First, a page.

Three Part Question
In [a 5 month old boy with a fever] how [accurate is tympanic thermometry] as [a measure of core body temperature]?
A 5 month old boy attends the emergency department with a history of fever given by his mother. His temperature as taken with a tympanic thermometer is 37.5oC. His mother says he is hot to the touch. He has no focus for his fever on examination. The departmental protocol recommends a full septic screen in this age group if the temperature is above 38oC. You would like to know how accurate temperatures taken by this method are and whether you should check the temperature using another method.
Original Research - SumSearch
SumSearch "temperature measurement ", "child", "fever" and filter "diagnosis"
57 individual articles, 2 directly relevant. Secondary Sources - 0 Systematic Reviews - 1
|Author, date and country
||Study type (level of evidence)
|20 relevant research studies
||Systematic review (1a)||Evaluation of infrared tympanic thermometry with a 8mm probe||Tympanic thermometry was found to be an inaccurate, inconsistent and insensitive method of core temperature measurement in neonates, infants and children.||Narrative Review|
|Lanham DM et al,|
|241 sets of temperature measurements from 178 paediatric patients (mean age 18.6 months)
||Prospective cohort (4)||Rectal temperature of 38 oC compared to tympanic temperature||mean diff between rectal and tympanic measurements was -0.6 oC. Tympanic >37.4oc. Sensitivity 80% Specificity 85%. LR+ 5.3 LR- 0.23. PPV 87%. NPV 85%.||Age and presence of fever significantly affected the rectal-tympanic difference, which suggests that the tympanic method may not accurately measure temperature in younger, febrile children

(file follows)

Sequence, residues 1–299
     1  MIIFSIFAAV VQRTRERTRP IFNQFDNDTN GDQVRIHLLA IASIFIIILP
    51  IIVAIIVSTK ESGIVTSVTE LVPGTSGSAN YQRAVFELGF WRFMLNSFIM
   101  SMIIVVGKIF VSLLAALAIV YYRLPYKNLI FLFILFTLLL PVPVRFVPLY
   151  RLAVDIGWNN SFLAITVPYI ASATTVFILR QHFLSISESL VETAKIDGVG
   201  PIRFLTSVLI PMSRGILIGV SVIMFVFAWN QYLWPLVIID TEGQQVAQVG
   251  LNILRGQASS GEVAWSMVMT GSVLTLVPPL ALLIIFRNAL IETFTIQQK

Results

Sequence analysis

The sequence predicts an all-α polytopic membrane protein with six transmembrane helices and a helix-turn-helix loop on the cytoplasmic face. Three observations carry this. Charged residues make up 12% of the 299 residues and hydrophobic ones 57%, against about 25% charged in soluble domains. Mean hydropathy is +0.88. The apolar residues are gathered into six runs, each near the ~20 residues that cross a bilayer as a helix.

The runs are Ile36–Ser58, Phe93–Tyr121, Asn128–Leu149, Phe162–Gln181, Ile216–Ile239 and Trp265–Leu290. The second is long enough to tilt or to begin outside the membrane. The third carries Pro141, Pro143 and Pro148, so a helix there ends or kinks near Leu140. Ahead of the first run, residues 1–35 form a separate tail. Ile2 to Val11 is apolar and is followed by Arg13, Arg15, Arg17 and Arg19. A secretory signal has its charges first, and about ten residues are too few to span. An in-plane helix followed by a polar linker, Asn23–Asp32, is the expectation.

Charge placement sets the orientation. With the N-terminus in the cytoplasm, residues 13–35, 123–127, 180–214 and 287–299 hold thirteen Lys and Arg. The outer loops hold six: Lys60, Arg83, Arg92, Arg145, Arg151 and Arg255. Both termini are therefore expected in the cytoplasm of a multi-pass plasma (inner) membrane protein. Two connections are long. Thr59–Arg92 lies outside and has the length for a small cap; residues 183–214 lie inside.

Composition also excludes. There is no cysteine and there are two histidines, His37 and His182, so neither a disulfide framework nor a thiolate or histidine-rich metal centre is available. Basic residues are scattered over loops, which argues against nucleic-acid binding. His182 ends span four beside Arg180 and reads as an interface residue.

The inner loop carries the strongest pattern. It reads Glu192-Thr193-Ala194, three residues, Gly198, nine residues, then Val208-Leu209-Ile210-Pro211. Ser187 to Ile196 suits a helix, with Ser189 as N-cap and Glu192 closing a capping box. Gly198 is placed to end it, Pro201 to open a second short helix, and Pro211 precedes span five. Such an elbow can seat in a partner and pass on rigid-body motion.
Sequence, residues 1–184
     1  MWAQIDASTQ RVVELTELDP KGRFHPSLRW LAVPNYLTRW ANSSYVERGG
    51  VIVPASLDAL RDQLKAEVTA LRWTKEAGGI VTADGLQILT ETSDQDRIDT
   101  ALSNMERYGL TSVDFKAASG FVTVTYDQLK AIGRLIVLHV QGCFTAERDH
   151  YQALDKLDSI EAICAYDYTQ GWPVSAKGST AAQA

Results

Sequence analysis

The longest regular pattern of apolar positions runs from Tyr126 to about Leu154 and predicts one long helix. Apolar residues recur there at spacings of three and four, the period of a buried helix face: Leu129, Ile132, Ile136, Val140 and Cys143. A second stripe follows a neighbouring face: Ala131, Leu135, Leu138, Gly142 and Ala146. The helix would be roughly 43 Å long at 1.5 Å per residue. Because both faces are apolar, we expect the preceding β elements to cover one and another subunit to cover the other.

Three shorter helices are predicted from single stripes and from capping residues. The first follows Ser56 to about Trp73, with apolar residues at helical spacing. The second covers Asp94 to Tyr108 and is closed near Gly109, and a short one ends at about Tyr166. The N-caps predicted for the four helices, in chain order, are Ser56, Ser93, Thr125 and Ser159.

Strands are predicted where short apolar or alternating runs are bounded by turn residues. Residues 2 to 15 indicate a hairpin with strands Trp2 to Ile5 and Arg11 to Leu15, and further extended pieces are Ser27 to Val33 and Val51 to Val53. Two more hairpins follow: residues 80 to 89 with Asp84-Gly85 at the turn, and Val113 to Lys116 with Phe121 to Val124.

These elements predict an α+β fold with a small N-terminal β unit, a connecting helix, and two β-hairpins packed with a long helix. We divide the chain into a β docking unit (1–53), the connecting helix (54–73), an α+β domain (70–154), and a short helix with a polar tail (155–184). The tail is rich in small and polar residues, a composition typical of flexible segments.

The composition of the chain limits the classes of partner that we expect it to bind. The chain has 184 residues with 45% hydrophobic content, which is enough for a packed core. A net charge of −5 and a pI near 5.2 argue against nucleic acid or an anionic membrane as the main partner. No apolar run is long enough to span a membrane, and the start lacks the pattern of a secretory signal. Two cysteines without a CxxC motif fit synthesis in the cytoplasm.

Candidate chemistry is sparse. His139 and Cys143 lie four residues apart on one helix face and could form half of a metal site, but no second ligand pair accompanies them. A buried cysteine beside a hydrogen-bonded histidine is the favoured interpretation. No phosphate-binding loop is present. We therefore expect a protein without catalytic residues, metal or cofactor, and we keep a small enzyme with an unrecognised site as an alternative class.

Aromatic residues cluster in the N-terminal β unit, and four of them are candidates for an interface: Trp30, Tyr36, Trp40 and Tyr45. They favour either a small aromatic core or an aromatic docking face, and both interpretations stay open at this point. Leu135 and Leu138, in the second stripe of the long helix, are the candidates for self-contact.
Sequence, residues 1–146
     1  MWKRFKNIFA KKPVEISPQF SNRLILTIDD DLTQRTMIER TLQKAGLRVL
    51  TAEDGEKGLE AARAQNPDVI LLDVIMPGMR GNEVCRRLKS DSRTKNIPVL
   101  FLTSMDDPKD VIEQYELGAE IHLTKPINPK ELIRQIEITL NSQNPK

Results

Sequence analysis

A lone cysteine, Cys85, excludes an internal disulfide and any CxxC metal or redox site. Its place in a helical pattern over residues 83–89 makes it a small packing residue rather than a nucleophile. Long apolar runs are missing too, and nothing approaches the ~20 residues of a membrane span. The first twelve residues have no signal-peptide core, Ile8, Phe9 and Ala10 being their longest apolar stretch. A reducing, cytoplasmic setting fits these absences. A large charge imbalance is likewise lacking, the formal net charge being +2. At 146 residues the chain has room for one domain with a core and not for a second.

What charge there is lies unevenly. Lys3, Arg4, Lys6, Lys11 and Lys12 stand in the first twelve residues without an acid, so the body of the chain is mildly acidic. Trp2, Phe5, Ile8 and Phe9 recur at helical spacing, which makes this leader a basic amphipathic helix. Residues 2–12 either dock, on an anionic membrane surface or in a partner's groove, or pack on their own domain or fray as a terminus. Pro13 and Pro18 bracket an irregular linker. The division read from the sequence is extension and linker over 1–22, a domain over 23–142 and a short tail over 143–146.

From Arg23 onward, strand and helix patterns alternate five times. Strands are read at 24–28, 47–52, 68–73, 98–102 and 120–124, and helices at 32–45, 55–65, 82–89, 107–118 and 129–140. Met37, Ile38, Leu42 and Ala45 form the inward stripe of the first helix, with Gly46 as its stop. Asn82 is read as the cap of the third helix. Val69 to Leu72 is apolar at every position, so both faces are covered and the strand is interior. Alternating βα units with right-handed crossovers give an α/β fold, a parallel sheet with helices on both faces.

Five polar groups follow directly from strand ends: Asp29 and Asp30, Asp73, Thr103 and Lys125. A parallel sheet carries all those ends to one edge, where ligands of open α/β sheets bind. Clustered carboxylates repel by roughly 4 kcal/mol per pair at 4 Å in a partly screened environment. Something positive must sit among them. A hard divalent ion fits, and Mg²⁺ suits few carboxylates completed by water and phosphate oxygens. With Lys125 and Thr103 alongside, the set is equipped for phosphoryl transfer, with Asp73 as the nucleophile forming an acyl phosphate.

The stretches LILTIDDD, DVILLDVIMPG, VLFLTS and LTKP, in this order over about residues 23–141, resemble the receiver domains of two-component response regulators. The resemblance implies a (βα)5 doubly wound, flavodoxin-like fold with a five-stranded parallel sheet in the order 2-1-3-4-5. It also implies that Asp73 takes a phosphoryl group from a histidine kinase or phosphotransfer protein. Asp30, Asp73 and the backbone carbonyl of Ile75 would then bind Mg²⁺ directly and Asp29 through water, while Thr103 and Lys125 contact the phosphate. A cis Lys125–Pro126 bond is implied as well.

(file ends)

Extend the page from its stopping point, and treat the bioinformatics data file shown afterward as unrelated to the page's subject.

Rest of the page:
|Wilshaw R et al,|
|120 infants 59 with and 61 without fever
||Case-control (4)||Rectal temperature of 38 oC compared to tympanic temperature||mean diff between rectal and tympanic measurements was +0.05 oC. Tympanic >38 oC. Sensitivity 100% Specificity 58%. LR+ 2.4 LR- 0.||Relationship between tympanic and rectal measurements was affected by age and sex
The systematic review reported 44 studies addressing the use of different methods of temperature measurement including, axillary, sublingual, tympanic and rectal. Two further studies directly addressed the question of how representative tympanic measurements are of core temperature measurement. Both studies showed a correlation between tympanic and rectal methods of temperature measurement although it was not strong enough to use as a basis to make decisions regarding clinical management.
Clinical Bottom Line
The diagnosis of fever without a focus should not be made based on tympanic thermometry as it is not an accurate measurement of core temperature. Rectal temperature measurement remains the clinical gold standard for diagnosis of fever in infants and children.
- Duce SJ. A systematic review of the literature to determine optimal methods of temperature measurement in neonates, infants and children. DARE Review 1996;4:1-124.
- Lanham DM, Walker B, Klocke E, Jennings M. Accuracy of tympanic temperature readings in children under 6 years of age. Pediatric Nursing 1999;25(1):39-42.
- Wilshaw R, Beckstrand R, Waid D, Schaalje GB. A comparison of the use of tympanic, axillary and rectal thermometers in infants. Journal of Pediatric Nursing 1999;14(2):88-93.